“Oh Lisa!”. My mum was mortified, shuffling quickly away from the display of artwork and casting my poor, totally oblivious, dad a sideways look. In doing so she’d probably drawn more attention to what was an innocent work of art by an eight year old than she’d intended. Below the carefully crafted picture was a description which read in my best joined-up ‘My mum’s name is Glen and she works in the bookies’. My mum was keeping up appearances long before Hyacinth Bucket came on the scene.
My mum was a force of nature. She would talk to anyone and I mean anyone…years of working in the aforementioned bookies had allowed her to hone her interpersonal skills like no one else. I remember trips to the supermarket taking much longer than the expected time on a regular basis, much to my despair, as we bumped into all the ‘regulars’. On holidays abroad, she could and would bump into people she knew. As kids, our drawing paper would be betting slips and we would have an endless supply of those little biros to write with – perfect for little hands.
She was generous to a fault and would always be buying people little treats and making them feel special. When I was away at uni, she would make an annual Christmas visit with advent calendars for everyone and a festive crate of Stella. When I finally settled ‘up north’, she loved coming to visit as she thought everyone was so friendly and this created endless conversational opportunities.
Don’t get me wrong; she was imperfect just like the rest of us. She loved to shop, sometimes without thinking about the consequences for her bank balance. She was possibly one of the world’s worst drivers and would have my sister and I cringing in the backseat as she berated other motorists, accompanied by various hand gestures and the words ‘Peace, brother!’ She was obsessive about housework and would leave a daily note for my dad, reading ‘Hoover and dust’ (I still love the smell of Pledge now!). I don’t think mum had the easiest of childhoods, growing up with two parents who didn’t particularly like each other. While my nan was the loveliest of nans to my sister and I, I don’t think my mum ever felt that she lived up to her high expectations.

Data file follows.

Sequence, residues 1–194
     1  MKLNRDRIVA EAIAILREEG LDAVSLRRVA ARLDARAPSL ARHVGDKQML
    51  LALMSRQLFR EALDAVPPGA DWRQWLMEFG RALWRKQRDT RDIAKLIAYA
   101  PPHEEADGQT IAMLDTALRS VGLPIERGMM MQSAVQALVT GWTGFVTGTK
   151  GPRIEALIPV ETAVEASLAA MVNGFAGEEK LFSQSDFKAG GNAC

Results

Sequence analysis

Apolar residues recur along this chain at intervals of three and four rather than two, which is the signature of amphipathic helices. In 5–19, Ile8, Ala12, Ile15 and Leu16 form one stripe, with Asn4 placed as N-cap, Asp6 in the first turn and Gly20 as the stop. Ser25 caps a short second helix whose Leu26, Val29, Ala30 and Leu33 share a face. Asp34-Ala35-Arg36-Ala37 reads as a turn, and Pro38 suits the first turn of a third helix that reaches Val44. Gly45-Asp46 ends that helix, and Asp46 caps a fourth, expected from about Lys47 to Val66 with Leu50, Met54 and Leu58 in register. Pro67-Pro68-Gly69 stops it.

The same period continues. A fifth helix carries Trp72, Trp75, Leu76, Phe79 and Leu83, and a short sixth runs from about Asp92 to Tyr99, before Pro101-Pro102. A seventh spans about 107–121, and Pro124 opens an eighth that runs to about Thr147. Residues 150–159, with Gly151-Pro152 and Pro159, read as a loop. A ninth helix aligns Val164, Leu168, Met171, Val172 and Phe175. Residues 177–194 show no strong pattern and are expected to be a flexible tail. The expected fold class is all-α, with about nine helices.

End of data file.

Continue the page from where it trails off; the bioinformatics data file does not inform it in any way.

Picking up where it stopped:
When my dad died, it was hard for her to get on with life. They’d been married for nearly 40 years. From that point, my mum, my sister and I became ‘The Three Musketeers’ My mum would phone me every night to run through everything from the mundanities of her working day through to what was on the telly. This became a part of my own daily routine and if she didn’t ring I’d be worrying about her.
In true mum-style, she struck up a great friendship with my new northern next-door neighbour and would come up and visit us on a regular basis. She loved my then new boyfriend, now husband, and treated him like the son she’d never had. When she found out she was going to be a ‘Nanny’, her words were once again ‘Oh Lisa!’ but as soon as she saw her new grandson for the first time, he won her heart. Whilst all this was going on, she’d been back and forth to the doctors with niggling tummy troubles and on New Year’s Eve when #1 son was five months old, my sister called me to say that it was Ovarian Cancer. The bottom dropped out of my world right then.
If anything, her diagnosis gave her the biggest kick up the bum and she had a new lease of life, going out more, socialising and booking holidays left, right and centre. In one last selfish act, she didn’t want to know what her prognosis was and just got on with living. Her final holiday was a ‘Tinsel and Turkey’ vacay. One week later, on the darkest of November evenings, my sister and I were shepherded into a room by a kindly-faced nurse, who told us that our lovely mum had died. Just an hour earlier, she’d told my sister and I to ‘sod off’ in not so many words, demanding that my sister get her some more Christmas shopping money out of the bank. She missed the arrival of her second grandson by two months.
So when Mothers Day comes around, it’s always a day of mixed feelings. My boys love it and put so much effort into making it a nice day, but it’s not always easy to be light-hearted when someone’s missing. Seeing Mothers Day cards in the shops can always make me cry; there’s something about not having anyone to send one to…it just makes the day seem a little less complete.
This year I’ll be spending Mothers Day with my sister and our husbands and our wayward children in Cornwall. I’ve no doubt that mum and her crazy antics will crop up in conversation at some point; my boys love to hear about her. By keeping her alive in their memories, I’m helping myself as well and talking about her is my favourite way to remember her. She was larger than life which makes the hole she left that bit harder to fill. If there are a few tears on Mothers Day, it will be because I miss her and I know that was lucky to have her.
If, like me, you’ll be missing your mum on Mothers Day, I’d just say be kind to yourself, expect the day to have its ups and downs and go with the flow. I imagine if my mum were reading this now, there’d be another ‘Oh Lisa!’ on the way.
You can find more of my ruminations on life, parenting and gratuitous wine shots over on Instagram. I’d love to hear from you there x